The MOB passes the first condition because the bill’s purpose is for the general welfare – the health of the American people and preventing obesity. The bill is created to “combat adult and childhood obesity by scrounging the production and sale of unhealthy foods. ” The second prong of the Dole test is the only prong that would likely pose a problem for the MOB. For the states to receive funding they must implement restrictions of “unhealthy foods” (defined as “highly processed foods high in sugar, fat, carbohydrates or calories. ) Determining what is “highly processed” and “high” in calories is out of the scope of the expertise of the writer and likely most politicians and judicial officers and reasonable people may disagree in that determination as well. Since, the bill lays out no standards or guidelines for determining “highly processed” or “high” then it may be considered ambiguous. Next, the bill is not likely in itself unconstitutional since it doesn’t violate the commerce power or any other constitutional limitations.
Next, this bill has to be related to federal interests in national projects or programs, there have been several federal anti-obesity programs but a current one is the “Healthy Food Financing Initiative. ” Next, the MOB is not coercive towards the states since the condition that the states implement laws restricting children’s access to unhealthy foods is very similar to the condition in Dole squiring a state law that the drinking age be 21 . In conclusion, the validity of the MOB will hinge on the ambiguity of “highly processed” and “high in calories. Since the MOB does not include guidelines for determining those areas and it does not state whether high in calories is the same for all people or different based on other factors like age, weight, activity level, etc. There is no way to determine what foods the MOB applies to in order to restrict access to them. If a survey were to be given to each states legislature of what foods Were “highly processed” and “high in sugars, fats, carbohydrates, and calories” t is likely that the survey would yield widely different results from state to state.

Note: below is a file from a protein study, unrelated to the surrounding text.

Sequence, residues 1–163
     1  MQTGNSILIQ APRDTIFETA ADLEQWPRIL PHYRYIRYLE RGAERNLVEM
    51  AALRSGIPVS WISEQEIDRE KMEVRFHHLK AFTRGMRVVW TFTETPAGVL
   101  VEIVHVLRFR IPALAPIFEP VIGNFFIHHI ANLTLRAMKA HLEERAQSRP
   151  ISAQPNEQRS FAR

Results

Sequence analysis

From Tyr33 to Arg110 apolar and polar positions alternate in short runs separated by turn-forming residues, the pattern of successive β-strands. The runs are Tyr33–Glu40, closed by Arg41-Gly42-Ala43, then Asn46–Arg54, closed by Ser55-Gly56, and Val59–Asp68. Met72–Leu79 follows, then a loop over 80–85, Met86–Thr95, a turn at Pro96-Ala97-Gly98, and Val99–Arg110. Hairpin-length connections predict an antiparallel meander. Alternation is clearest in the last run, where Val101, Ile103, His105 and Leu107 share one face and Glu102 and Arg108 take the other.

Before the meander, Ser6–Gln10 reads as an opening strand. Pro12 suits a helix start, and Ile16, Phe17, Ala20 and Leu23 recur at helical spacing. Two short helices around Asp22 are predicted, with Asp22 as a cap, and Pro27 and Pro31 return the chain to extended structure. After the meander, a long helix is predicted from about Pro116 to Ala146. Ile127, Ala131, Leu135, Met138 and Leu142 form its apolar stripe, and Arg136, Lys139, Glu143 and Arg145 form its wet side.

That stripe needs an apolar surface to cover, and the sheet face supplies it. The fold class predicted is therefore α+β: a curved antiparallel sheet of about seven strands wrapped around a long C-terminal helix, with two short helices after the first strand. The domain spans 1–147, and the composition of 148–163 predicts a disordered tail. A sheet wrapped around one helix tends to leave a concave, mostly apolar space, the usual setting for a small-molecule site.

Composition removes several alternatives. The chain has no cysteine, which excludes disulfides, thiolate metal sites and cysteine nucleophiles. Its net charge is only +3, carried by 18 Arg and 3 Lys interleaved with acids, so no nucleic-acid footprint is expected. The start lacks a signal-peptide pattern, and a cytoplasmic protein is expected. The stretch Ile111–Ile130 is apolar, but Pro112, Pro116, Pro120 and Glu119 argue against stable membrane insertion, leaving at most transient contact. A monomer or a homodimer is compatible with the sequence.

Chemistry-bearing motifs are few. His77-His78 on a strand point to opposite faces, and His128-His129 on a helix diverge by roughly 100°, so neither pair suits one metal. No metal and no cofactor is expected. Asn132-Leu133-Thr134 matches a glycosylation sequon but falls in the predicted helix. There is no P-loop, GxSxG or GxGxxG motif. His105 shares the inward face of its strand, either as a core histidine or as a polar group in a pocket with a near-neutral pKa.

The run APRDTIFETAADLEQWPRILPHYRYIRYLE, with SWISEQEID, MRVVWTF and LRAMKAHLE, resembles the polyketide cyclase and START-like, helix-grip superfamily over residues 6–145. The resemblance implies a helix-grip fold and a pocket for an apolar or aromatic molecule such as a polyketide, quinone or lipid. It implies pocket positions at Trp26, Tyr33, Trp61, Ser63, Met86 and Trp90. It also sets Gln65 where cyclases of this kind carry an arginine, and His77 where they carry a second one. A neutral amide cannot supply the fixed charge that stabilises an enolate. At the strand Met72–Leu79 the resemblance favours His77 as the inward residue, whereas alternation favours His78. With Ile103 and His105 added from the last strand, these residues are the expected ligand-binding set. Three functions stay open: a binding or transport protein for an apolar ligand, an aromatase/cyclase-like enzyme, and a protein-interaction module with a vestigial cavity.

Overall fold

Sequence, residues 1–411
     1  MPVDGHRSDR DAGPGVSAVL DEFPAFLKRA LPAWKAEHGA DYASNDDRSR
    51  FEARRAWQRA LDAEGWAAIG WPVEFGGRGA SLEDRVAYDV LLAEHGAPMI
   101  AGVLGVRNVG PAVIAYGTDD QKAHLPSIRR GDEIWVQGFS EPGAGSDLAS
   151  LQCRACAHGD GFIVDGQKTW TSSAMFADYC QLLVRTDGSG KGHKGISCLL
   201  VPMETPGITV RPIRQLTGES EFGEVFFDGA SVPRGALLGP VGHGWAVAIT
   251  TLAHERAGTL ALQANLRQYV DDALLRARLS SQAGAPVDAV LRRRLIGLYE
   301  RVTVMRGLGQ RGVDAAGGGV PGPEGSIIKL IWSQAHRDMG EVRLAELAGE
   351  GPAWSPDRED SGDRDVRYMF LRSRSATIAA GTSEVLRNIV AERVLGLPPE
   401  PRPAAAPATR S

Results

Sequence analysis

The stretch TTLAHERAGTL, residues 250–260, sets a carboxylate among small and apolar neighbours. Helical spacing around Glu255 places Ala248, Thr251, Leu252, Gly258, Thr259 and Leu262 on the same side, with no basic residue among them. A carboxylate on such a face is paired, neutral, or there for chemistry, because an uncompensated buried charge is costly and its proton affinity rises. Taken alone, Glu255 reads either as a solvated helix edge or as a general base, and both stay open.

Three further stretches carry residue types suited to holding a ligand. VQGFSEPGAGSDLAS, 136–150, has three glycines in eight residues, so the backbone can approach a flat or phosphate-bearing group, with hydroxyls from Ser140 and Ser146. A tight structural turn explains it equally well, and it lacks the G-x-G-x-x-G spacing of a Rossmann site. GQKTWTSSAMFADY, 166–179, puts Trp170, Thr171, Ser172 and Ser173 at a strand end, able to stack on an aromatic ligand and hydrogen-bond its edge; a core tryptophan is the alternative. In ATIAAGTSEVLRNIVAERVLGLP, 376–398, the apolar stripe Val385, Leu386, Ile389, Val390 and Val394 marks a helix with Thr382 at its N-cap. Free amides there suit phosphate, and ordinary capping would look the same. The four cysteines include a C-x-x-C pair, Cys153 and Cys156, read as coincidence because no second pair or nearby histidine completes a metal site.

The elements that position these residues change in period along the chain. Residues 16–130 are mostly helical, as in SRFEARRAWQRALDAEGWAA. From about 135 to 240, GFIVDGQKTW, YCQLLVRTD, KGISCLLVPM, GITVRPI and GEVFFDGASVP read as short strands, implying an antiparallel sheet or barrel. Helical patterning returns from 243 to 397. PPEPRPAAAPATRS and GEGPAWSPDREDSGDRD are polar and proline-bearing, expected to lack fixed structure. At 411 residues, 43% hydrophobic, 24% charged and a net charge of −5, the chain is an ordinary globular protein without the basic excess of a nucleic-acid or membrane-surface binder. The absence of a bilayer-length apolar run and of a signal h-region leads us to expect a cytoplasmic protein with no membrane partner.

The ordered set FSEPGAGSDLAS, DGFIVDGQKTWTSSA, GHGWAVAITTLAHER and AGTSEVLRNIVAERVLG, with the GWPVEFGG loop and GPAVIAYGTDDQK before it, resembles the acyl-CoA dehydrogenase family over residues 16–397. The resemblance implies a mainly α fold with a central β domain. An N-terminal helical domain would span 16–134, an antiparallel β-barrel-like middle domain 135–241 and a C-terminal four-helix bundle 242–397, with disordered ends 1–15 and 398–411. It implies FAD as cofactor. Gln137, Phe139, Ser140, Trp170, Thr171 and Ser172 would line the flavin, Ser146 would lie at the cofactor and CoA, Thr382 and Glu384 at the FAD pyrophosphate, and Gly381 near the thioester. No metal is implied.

This would mean that the definition of “highly processed” and “high” would be different in different states. One could simply drive to a different state to get foods that were prohibited in another state. The MOB should clearly define these terms through the use of experts in the nutritional field through of the federal government’s regulatory agencies. Without a clear definition or test, massive confusion and litigation is likely to result. Therefore, it is more likely than not that the MOB is not a valid use of the spending power.